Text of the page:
Here and Now

Monday - Thursday 11am-1pm
  • Hosted by Robin Young and Jeremy Hobson

A live production of NPR and WBUR Boston, in collaboration with public radio stations across the country, Here & Now reflects the fluid world of news as it’s happening in the middle of the day, with timely, smart and in-depth news, interviews and conversation.

Co-hosted by award-winning journalists Robin Young and Jeremy Hobson, the show’s daily lineup includes interviews with NPR reporters, editors and bloggers, as well as leading newsmakers, innovators and artists from across the U.S. and around the globe.

Here & Now began at WBUR in 1997, and expanded to two hours in partnership with NPR in 2013. Today, the show reaches an estimated 3.6 million weekly listeners on over 383 stations across the country.

To visit the show's website, click here.

KUNR Local Hosts: Esther Ciammachilli, Danna O'Connor

Ways to Connect

The Science Behind Fasting

Nov 25, 2016

Had enough food over Thanksgiving? If you are lucky enough to feel sated, perhaps some fasting is in order.

More and more people are turning to fasting. But does it work, and how safe is it?

Home, Thanksgiving and football.

For many American families, those three things are being celebrated this week, in varying degrees. But it hasn’t always been that way.

Karen Given (@klgiven) from NPR’s Only A Game explains the history of the connection between football and Turkey Day.

President-elect Donald Trump’s transition team has announced that he intends to appoint Elisabeth “Betsy” DeVos as the secretary of education.

DeVos is a philanthropist from West Michigan and the head of the group American Federation for Children, a conservative think tank focused on education.

NPR’s Eric Westervelt (@Ericnpr) joins Here & Now to discuss.

Rodale Inc. was founded in 1930, and since then has become one of the largest independent publishers in the country. It puts out a number of magazines, and also works to spread the gospel of an organic lifestyle.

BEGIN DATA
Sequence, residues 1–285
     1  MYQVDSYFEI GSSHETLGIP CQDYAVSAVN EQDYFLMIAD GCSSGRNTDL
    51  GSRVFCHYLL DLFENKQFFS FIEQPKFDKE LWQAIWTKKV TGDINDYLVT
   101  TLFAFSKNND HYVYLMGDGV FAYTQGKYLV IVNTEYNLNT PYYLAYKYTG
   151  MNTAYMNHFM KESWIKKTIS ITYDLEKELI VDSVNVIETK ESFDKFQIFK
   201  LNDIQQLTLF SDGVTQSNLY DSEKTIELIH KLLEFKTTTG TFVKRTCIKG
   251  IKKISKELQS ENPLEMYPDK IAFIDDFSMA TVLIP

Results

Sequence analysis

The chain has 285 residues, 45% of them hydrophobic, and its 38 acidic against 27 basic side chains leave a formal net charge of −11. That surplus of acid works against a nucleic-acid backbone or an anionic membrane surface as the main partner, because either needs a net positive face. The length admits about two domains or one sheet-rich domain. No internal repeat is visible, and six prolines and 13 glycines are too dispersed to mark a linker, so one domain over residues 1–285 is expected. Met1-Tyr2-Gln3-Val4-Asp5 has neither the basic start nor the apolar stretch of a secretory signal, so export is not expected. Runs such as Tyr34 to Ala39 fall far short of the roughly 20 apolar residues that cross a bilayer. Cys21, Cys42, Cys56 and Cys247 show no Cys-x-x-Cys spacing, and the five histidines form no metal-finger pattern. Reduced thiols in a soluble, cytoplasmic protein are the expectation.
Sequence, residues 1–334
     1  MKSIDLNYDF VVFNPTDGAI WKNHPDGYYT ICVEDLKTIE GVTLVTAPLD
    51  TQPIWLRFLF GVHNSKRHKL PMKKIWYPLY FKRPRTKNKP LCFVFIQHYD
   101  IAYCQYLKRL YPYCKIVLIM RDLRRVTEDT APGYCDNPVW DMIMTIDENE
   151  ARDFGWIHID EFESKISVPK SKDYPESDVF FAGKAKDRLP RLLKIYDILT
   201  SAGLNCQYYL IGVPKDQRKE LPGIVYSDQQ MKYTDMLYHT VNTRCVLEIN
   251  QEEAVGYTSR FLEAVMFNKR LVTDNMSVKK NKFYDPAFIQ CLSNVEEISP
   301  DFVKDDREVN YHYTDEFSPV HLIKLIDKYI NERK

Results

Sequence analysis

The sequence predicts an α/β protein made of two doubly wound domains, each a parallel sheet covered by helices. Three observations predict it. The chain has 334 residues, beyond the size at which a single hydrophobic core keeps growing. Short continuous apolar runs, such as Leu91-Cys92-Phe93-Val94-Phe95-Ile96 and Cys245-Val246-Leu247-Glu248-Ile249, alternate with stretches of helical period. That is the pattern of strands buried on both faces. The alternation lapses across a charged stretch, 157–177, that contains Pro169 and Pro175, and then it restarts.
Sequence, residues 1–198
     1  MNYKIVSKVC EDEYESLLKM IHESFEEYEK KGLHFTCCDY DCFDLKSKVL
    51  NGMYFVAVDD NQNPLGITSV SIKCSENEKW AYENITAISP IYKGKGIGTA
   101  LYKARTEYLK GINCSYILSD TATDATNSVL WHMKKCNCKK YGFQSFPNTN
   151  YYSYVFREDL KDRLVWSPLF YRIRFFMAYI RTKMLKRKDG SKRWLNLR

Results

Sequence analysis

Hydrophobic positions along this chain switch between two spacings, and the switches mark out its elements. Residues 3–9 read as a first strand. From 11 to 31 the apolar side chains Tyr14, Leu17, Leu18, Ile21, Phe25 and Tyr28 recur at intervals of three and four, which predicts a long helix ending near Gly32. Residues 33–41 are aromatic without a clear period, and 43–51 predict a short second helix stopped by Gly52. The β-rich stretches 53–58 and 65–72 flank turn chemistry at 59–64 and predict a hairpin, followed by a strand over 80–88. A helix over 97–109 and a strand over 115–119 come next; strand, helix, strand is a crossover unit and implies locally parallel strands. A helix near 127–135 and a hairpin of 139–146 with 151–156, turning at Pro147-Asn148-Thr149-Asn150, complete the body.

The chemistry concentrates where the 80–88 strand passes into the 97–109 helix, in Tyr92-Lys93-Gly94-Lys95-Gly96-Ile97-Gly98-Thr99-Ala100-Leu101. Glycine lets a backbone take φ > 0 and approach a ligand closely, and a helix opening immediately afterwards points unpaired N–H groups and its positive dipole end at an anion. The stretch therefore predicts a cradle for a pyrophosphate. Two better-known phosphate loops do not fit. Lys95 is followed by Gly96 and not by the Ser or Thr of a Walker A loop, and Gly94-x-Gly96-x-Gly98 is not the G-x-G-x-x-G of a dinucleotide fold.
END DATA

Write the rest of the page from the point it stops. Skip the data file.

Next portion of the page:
Five years ago, when he was 37 years old, the unthinkable happened to Will Lautzenheiser. He lost both arms and both legs to a devastating bacterial infection.

But then two years ago, Lautzenheiser got what he calls an incredible gift: a double arm transplant.

Those two years have been full of daily hospital visits, and hours and hours of hard, tedious work, to get the arms working. But now, Will can turn a doorknob, feed himself, write with a pen and feel the rain on his hands.

The New York Times reports that during Donald Trump’s meeting with paper’s editorial board, the president-elect was asked about the white nationalist group known as the National Policy Institute. That group held a conference blocks from the White House this past weekend, in which attendees made “Sieg Heil” Nazi salutes.

What comes to mind when you think of food native to the U.S.? For many people it’s soda, hamburgers and hot dogs.

But think back further to a time when Native Americans were the country’s sole inhabitants, and there was no European influence on food.

Robert Zemeckis won an Oscar for directing “Forrest Gump.” He’s also the creative force behind the hugely successful “Back to the Future” films.

This week, Zemeckis’s latest movie “Allied” opens in theaters nationwide. It’s a romantic thriller set in World War II, starring Brad Pitt and Marion Cotillard.

Zemeckis joins Here & Now‘s Peter O’Dowd to talk about the film, and his celebrated career.

Here’s a trailer for the film:

[Youtube]

Cyber Monday may be moving in on Black Friday this year.

Wal-Mart is moving up its Cyber Week deals to Black Friday, a day that is normally dedicated to in-store deals. Meanwhile, Macy’s will kick off its Black Friday sales an hour earlier this year, opening at 5 p.m. on Thanksgiving Day.

Big City Rats And How To Get Rid Of Them

Nov 21, 2016

Many U.S. cities have a rat problem. Besides freaking most people out, the rodents also devour food supplies or contaminate what they don’t eat. Rats also spread harmful viruses and bacteria, and they can eat through almost any obstacle in pursuit of a meal or a safe haven to breed.

Seattle ranks high on the list of cities with a big rat problem. Households there are more than twice as likely to report rat sightings than the national average.

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